UK Kicks Off 5G R&D
The University of Surrey has raised £35.6 million (US$57 million) and partnered with eight telecom equipment vendors and operators to open a research facility called the 5G Innovation Center, which will span four square kilometers to provide researchers with real-life radio environments, both indoors and outdoors, in which to test the new technologies.
Of the initial funding, £11.6 million ($18.6 million) comes from the U.K. government, while the remaining £24 million ($38.4 million) comes from telecom companies participating in the project.
Those companies include Huawei Technologies Co. Ltd. , Samsung Corp. , Telefónica Europe plc (O2) , Fujitsu Laboratories Ltd. , Rohde & Schwarz GmbH & Co. KG and Aircom International Ltd. . Two other companies are involved, but the university is not able to name them at this time.
The center is dedicated to developing mobile technology that would be deployed sometime after 2020, which would be the generation of wireless that follows LTE-Advanced, according to Professor Rahim Tafazolli, director of the Center for Communication Systems Research (CCSR) at the University of Surrey, who will oversee the 5G center. Tafazolli is quick to assert that LTE-Advanced is not 5G. "That's 4G," he said. (See What We Mean When We Say '4G'.)
The goal of the 5G research team is to develop mobile broadband technology that will enable shared throughput per cell site (the limit of downlink capacity shared between connected devices) of up to 10Gbit/s, he explains. That's compared with LTE shared throughput per cell site of up to 100Mbit/s.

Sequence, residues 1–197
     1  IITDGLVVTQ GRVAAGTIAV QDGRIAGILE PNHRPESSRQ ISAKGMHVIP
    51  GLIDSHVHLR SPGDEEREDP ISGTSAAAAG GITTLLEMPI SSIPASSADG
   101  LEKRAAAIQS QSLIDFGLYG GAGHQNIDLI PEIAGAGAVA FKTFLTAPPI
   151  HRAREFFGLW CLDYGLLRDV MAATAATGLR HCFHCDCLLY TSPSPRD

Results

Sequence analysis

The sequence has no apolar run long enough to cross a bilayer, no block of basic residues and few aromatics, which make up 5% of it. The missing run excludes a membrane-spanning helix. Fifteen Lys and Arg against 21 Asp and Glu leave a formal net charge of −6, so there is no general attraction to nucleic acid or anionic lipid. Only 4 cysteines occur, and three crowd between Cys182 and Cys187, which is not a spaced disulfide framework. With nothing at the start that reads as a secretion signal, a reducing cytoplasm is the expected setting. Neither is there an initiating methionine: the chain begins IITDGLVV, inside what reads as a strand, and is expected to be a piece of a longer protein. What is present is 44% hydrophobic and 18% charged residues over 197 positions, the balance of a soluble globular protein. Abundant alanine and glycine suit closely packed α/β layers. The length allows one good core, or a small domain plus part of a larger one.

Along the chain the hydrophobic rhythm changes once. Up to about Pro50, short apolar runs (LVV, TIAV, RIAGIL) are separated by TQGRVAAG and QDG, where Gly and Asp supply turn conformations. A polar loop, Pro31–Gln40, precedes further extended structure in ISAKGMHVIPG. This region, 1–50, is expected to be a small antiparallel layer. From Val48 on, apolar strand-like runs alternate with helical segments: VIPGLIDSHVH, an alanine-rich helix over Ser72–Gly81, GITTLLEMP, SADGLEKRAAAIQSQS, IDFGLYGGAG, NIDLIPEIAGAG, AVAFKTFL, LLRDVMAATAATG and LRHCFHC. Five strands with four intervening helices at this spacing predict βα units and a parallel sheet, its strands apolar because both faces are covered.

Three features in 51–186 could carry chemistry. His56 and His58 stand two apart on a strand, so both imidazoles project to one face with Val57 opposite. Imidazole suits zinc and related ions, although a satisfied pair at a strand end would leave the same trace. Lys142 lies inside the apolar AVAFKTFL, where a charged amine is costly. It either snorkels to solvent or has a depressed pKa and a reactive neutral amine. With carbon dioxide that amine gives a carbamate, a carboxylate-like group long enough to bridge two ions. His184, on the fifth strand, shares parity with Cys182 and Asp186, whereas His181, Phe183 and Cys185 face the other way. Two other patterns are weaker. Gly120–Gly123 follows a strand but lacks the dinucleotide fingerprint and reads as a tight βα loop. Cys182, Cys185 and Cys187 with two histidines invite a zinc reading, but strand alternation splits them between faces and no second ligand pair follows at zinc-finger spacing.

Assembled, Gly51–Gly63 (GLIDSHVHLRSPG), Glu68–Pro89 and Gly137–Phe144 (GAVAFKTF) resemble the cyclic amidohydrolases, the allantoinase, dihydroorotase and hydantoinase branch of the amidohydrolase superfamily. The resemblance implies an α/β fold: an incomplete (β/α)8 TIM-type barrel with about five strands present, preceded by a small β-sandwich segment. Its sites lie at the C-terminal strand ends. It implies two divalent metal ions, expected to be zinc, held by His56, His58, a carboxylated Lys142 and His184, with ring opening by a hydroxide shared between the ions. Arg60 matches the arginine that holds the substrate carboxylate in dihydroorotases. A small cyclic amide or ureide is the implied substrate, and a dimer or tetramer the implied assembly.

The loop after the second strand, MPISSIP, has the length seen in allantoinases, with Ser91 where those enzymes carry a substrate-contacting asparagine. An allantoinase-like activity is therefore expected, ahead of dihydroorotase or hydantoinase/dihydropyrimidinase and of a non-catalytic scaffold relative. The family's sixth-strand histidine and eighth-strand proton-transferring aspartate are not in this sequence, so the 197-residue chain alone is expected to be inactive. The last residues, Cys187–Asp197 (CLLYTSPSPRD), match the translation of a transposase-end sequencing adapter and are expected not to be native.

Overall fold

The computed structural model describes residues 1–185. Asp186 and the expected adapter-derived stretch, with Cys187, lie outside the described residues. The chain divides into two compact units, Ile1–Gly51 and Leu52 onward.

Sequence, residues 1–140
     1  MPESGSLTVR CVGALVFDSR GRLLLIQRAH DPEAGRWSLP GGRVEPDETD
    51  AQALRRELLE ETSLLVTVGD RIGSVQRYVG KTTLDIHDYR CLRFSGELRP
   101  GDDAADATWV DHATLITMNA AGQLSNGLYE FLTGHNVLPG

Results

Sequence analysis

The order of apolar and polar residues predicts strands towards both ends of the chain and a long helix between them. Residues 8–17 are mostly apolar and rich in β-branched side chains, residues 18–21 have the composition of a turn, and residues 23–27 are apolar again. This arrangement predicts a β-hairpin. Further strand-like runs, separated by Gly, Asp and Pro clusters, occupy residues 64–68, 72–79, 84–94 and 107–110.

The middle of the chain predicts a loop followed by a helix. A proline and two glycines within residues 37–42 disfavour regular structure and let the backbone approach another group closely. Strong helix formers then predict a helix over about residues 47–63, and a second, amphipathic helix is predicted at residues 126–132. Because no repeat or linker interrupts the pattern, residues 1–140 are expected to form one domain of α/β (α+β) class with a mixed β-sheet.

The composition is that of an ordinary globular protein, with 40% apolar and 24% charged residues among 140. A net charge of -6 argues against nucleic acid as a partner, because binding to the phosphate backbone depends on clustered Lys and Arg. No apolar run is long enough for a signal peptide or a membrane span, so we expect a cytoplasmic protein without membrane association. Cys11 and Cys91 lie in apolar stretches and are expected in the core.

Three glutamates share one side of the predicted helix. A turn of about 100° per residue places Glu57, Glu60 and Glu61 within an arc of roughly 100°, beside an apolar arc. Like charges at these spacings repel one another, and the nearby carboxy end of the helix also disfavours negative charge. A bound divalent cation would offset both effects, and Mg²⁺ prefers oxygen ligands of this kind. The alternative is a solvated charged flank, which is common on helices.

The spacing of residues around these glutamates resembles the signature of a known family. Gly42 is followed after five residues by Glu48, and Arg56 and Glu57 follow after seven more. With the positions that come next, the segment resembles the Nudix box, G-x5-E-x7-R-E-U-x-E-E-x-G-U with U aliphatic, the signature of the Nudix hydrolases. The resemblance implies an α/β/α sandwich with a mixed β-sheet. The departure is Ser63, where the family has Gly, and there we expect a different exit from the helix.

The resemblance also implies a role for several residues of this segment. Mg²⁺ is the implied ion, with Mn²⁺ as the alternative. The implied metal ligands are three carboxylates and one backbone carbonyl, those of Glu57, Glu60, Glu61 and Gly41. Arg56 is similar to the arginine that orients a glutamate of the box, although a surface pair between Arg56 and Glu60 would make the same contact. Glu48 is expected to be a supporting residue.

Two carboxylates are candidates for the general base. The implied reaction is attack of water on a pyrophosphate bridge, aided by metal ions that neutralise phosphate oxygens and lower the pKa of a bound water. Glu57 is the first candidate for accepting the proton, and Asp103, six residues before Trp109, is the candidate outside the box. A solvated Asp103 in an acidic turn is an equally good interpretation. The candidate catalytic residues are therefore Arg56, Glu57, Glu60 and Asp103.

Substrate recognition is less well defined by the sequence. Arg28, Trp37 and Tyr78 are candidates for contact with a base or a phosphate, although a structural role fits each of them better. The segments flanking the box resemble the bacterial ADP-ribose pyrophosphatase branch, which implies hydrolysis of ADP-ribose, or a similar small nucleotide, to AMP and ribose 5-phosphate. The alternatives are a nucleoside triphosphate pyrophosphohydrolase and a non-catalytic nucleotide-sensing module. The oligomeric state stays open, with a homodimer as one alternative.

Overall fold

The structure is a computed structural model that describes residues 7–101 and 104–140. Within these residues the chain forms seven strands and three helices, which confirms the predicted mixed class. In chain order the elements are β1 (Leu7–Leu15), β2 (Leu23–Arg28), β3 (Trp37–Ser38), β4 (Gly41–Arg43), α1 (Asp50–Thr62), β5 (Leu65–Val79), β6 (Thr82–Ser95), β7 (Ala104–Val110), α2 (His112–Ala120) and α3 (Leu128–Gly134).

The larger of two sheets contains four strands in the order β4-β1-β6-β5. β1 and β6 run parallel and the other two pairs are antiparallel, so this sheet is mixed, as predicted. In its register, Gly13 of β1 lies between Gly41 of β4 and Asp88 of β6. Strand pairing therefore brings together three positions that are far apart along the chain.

To achieve that goal, the researchers will develop small cell technologies, wireless backhaul and fiber backhaul technologies to achieve that. Those developments will result in proposals to standards bodies, such as the International Telecommunication Union, Standardization Sector (ITU-T) and 3rd Generation Partnership Project (3GPP) . (See What Will the RAN Look Like in 10 Years? and RAN Revelations .)
While LTE-Advanced will be a starting point for the 5G research, the group will look at advanced orthogonal frequency division multiplex (OFDM), which is the technology that underpins LTE and LTE-Advanced. But it will also look at new non-orthogonal waveforms that could be the foundation for 5G wireless networks. So, as Tafazolli explains, the 5G center will take two approaches to its research: one is evolutionary, advancing OFDM technologies; the other will look at completely different technologies to OFDM.
The spectrum to be utilized for 5G technology could be either the frequencies below 3GHz or the millimeterwave bands between 60GHz and 90GHz.
The launch of the 5G center marks the first time that the university has worked with so many telecom companies together on one project, although it has worked with each of the partners individually in the past. By taking such a consensus approach to technology research, it is hoped that this project will not only save time in development and standardization processes but also R&D costs for the companies involved.
That's partly because the technologies studied at the 5G center can be tested in real-world environments before formal proposals are made to standards organizations.
"Whatever the technology we propose, it will be tested and optimized in a real environment," says Tafazolli.
"We want to use the test bed as a playground for companies large and small ... to generate fifth generation mobile standards," he says.
The U.K. isn't a world leader when it comes to commercially available 4G services, but this project looks like it will put the country at the forefront of 5G development.
— Michelle Donegan, European Editor, Light Reading Mobile